The real world will change not a wit with the fall from grace for man once described in Parliament as "the son Helen Clark never had."
It's often said that a great political career can be ended in an instant by the appearance in their bed of either a live boy or a dead girl.
There is nothing great about Darren Hughes, but that truism will haunt whatever political career he has left--whatever the outcome of the police inquiry into his actions one late night and early morning last year.
Richard Worthless could tough it out until his sordid behaviour with a live girl was finally sufficient to dismay his boss. But this morning's front page dissemination of Hughes's evening and early morning with the 18-year-old young man will be enough to hang him politically--however accurate or inaccurate the account.
For my own part, as long as he hasn't broken the law I don't care what Hughes or any other politician gets up to in the privacy of their own lives. Couldn't be less interested. That's their business--or should be.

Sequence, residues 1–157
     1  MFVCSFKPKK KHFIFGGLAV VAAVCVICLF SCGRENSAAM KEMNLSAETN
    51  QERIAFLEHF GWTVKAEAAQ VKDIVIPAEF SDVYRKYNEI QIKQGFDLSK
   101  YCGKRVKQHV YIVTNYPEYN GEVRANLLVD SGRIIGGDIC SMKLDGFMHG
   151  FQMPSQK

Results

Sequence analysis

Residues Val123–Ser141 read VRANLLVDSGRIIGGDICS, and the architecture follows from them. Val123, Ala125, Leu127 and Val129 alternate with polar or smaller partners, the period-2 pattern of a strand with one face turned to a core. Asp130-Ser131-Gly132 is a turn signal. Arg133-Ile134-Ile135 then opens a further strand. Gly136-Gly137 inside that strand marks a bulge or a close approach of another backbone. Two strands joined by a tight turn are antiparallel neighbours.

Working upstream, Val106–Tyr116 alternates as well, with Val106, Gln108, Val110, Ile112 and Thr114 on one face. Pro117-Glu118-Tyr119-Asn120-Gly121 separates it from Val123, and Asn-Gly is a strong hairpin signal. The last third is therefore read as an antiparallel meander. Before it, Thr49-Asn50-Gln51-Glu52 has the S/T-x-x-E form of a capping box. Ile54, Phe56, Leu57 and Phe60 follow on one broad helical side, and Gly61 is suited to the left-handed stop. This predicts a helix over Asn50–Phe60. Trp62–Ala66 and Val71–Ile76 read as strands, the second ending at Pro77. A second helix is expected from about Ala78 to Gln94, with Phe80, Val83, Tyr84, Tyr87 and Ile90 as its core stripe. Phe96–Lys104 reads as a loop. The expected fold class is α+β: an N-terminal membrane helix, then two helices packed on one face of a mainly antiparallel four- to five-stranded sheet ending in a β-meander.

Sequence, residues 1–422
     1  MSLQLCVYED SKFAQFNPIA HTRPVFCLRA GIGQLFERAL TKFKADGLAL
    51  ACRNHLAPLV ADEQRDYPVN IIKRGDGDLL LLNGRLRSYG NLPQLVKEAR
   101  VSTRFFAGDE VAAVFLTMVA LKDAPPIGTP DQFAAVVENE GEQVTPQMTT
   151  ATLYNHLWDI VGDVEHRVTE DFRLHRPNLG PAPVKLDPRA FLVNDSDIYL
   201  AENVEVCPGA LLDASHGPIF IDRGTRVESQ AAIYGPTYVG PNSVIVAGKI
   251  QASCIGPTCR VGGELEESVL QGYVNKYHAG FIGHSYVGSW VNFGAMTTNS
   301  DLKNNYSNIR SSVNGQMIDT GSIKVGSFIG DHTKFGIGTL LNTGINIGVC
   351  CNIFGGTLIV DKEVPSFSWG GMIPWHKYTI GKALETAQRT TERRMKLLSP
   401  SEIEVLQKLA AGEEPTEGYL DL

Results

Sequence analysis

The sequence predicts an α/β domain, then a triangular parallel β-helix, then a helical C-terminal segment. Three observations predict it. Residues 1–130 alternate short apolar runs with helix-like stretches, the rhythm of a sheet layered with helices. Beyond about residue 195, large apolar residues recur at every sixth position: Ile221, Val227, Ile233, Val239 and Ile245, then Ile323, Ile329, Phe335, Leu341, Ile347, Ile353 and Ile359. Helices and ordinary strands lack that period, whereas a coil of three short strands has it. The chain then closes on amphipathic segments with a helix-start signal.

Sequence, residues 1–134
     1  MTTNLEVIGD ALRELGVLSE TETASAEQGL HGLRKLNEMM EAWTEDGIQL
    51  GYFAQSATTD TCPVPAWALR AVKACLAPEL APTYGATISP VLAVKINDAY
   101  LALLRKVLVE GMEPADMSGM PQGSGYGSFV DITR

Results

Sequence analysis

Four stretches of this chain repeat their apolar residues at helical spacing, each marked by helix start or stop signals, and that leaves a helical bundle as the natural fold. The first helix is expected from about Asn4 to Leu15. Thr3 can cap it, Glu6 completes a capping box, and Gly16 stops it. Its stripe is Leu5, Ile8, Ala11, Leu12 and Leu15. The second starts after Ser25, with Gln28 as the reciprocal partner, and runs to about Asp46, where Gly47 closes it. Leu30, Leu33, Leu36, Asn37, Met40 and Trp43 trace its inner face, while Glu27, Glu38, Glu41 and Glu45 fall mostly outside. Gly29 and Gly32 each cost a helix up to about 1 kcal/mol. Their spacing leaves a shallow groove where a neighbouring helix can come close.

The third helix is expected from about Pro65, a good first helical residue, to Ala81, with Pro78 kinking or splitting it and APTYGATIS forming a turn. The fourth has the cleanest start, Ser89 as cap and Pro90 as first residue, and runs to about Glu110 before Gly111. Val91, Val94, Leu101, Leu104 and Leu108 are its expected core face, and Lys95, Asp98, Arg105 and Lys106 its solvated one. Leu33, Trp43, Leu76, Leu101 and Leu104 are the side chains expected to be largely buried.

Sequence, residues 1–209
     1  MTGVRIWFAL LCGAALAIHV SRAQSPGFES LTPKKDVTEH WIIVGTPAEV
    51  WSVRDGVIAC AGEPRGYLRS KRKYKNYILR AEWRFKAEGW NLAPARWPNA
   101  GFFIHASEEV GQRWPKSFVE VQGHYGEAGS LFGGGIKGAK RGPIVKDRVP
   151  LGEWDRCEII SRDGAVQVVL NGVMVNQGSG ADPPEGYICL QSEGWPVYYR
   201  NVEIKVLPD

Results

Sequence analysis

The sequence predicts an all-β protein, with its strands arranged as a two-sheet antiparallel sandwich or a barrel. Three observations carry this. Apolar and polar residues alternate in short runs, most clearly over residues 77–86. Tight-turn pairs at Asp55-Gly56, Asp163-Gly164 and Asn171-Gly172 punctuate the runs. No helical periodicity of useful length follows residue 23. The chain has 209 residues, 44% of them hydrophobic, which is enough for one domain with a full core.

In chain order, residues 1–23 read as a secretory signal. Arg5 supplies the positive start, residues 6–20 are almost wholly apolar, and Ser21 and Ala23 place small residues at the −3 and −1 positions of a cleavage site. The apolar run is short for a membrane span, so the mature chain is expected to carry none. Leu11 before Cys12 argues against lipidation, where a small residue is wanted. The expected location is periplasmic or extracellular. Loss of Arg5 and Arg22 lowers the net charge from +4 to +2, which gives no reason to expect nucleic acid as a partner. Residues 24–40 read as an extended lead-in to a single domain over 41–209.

What I really object to is what they get up to in the glaring publicity of their day job: Which is exercising their power lust over every part of our lives. Which is our business--or should be.
Frankly, I don't really care what happens to Hughes. He had never had a real job, and beyond developing a certain glib talent at lying for a living (which, besides the ability to fake sincerity--which he was beginning to develop--is the only skill a politician really needs) had never shown any sign of developing any other skill that might fit him for any real career.
But his own future bothers me not. He's a politician, and whatever happens to him now the place he presently occupies will always contain just another politician.
So resign or not--if he's sacked or if he isn't--with any of those eventualities the real world will change not a wit.
And I for one will not care.